Monday, March 31, 2003

Spokane

Election front on the move
Public periscope

A meeting this Friday at Gonzaga University is a candidate for a Periscope strange bedfellows award. The "Free State Project" discussion is being sponsored by the GU College Republicans and will feature one speaker who's been a regular Libertarian Party candidate in Washington and another who's been active in the Constitution Party in Idaho. ... The Free State Project is a plan by the "less government is better government" forces to move thousands of voters to a small state and essentially ta
ke over. They are looking for about 20,000 citizens willing to move to a sparsely populated state, register and get active in politics, and sway elections. ... They would back candidates -- or become candidates -- dedicated to paring back government.

This idea was hatched a few years ago by the Libertarian Party, and one of its prime proponents, Elizabeth McKinstry, is on the agenda for the 7 p.m. session in the GU Law School's Moot Court room. Also on the program is Rob Chase, who has run in Spokane -- enthusiastically but unsuccessfully -- for the state Senate and the U.S. House. ... They'll be joined by Bill Denman, who has run for Bonner County commissioner across the border in Idaho and is active in the Constitution Party, which is one of the landing spots for folks who think the GOP tilts too far left.

Proponents of the Free State Project can do the math, and they know that to have any impact with 20,000 voters, they need a state with a fairly small population base. ... Washington, with nearly 6 million people, isn't one of their target states, but Idaho, with about 1.3 million, is. Of course, if state Sens. Bob Morton, R-Orient, and Bob McCaslin, R-Spokane Valley, could ever get Eastern Washington split off into a 51st state, we'd probably move to the top of the project's list. ... The show goes on the road to North Idaho College, where it plays in the Student Union, at 6 p.m. Friday.

Making use of his time

Spokane Mayor John Powers accompanied the Spokane Regional Chamber of Commerce to Washington, D.C., last week for the annual effort to lobby Congress. It was a tough week to be schmoozing, what with the Iraq War in its first week. ... But Powers took advantage of the trip to raise some money for the upcoming mayoral campaign. At an evening event, he managed to pick up a few thousand dollars, campaign treasurer Roger Fruci said. ... That's gross, not net. They haven't yet figured in the cost of raising money in D.C., where canapes can be pricy.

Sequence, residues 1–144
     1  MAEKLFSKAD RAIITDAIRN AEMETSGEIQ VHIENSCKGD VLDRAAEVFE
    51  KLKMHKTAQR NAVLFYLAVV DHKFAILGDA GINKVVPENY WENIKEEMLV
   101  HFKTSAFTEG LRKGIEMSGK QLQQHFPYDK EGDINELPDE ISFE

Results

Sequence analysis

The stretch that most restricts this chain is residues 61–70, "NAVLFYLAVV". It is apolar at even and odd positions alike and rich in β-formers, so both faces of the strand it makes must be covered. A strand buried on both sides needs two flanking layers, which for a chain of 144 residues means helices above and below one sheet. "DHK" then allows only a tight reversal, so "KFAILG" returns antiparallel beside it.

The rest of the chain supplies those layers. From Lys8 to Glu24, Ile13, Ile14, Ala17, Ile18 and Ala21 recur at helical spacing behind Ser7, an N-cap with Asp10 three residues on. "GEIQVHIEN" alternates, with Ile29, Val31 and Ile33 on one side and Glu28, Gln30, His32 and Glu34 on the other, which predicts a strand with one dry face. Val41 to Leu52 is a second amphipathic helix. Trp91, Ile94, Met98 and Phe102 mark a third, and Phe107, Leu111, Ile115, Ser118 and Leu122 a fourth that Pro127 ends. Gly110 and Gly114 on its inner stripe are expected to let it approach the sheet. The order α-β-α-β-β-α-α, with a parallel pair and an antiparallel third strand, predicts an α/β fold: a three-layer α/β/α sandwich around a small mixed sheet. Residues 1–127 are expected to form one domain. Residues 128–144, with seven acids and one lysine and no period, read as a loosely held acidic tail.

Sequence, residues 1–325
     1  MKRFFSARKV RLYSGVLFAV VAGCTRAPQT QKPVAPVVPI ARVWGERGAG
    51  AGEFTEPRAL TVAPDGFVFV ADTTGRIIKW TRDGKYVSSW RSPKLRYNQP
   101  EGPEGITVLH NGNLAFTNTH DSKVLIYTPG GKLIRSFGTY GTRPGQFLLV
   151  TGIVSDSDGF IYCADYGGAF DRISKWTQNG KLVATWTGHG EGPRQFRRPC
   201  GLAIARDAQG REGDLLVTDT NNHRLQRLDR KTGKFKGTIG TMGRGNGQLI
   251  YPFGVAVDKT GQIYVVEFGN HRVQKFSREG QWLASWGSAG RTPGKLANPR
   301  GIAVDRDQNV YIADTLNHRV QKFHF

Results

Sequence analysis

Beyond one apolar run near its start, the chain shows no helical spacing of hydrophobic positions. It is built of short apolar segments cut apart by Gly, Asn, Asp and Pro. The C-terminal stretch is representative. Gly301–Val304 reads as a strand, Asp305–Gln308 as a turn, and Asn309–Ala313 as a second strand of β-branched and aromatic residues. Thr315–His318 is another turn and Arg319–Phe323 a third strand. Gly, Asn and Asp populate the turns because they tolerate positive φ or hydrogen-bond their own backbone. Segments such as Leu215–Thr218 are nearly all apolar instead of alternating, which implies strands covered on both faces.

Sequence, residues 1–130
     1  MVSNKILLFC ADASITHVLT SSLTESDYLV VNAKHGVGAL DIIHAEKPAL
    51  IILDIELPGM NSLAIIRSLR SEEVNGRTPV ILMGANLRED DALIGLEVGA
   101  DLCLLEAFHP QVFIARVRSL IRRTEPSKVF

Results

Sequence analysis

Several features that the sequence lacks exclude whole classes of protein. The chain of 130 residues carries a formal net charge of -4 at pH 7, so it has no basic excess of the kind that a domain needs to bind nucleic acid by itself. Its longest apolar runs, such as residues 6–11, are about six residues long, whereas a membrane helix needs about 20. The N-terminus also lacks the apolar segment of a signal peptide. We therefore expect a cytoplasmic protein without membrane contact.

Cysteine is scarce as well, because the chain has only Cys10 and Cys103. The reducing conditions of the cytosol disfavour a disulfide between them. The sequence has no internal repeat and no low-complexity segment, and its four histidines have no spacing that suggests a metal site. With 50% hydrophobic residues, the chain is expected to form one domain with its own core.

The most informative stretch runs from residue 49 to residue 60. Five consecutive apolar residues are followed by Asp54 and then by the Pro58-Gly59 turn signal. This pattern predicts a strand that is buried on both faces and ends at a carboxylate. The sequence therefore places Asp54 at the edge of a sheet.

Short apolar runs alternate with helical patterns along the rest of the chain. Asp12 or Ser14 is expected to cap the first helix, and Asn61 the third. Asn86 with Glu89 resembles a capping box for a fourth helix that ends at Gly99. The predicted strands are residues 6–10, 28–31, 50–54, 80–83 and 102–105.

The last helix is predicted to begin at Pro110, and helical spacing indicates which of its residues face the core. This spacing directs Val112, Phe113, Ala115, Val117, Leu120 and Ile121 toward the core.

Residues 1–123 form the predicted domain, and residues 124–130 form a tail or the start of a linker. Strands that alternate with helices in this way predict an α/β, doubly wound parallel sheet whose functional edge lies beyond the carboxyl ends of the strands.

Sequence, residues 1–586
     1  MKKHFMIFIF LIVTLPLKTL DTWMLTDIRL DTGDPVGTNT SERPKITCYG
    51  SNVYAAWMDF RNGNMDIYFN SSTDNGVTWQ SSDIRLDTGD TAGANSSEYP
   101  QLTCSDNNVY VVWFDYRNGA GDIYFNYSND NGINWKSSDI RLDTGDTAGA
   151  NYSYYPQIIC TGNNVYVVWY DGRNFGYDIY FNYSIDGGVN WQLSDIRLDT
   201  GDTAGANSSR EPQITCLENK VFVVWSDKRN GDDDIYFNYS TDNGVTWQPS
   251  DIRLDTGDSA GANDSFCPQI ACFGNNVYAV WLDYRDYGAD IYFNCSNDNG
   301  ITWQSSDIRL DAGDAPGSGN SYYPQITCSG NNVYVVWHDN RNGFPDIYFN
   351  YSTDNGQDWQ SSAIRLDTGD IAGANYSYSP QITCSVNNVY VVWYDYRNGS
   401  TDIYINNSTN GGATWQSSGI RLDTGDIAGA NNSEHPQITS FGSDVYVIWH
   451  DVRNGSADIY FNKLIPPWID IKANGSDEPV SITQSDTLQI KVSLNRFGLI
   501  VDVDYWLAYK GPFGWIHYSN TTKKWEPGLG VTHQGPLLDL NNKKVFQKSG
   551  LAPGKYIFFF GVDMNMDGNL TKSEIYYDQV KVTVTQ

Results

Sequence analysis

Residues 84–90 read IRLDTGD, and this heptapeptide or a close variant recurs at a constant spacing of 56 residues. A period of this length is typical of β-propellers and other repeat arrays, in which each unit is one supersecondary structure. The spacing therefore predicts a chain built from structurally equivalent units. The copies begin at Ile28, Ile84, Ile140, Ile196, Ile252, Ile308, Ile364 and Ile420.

Proud parent

City Councilwoman Roberta Greene's husband, Nate, often sits in on Monday Council meetings, but last week's town hall meeting at the East Central Community Center was a true family affair. That's because Greene's son Steven, an assistant pastor at Bethel AME Church, was on hand to give the pre-meeting words of inspiration. ... Greene said her son didn't want her to embarrass him by mentioning their relationship, but the proud mom refused to hold back, saying a little bragging is "a mother's prerogative."

We're No. 14

Spokane's listing on the American Association of Retired Persons list of "Dream Towns" is welcome news, although we're a little curious about one piece of this accolade. As reported Saturday in this newspaper's business section, the Spokane Regional Convention and Visitors Bureau was pleased to announced we made the list, which will be published in the organization's magazine this week. ... AARP put Spokane on the list because we've got good quality of life, we're close to the outdoors, housing prices are low, utilities are relatively cheap and there's no state income tax -- all things that residents come to appreciate over time. But the list also notes that Spokane and other towns on its list are good places where "retirement-minded baby boomers can reinvent themselves." ... Seems like some baby boomers have been reinventing themselves every few years since they were buying Hula Hoops and Beatles 45s. We're surprised they needed an ideal location.

•Public Periscope is published on Mondays and is compiled by Jim Camden from staff reports. You can contact him by mail c/o The Spokesman-Review, PO Box 2160, Spokane, 99210; e-mail at jimc@spokesman.com; phone at (509) 459-5461; and fax at (509) 459-5482.


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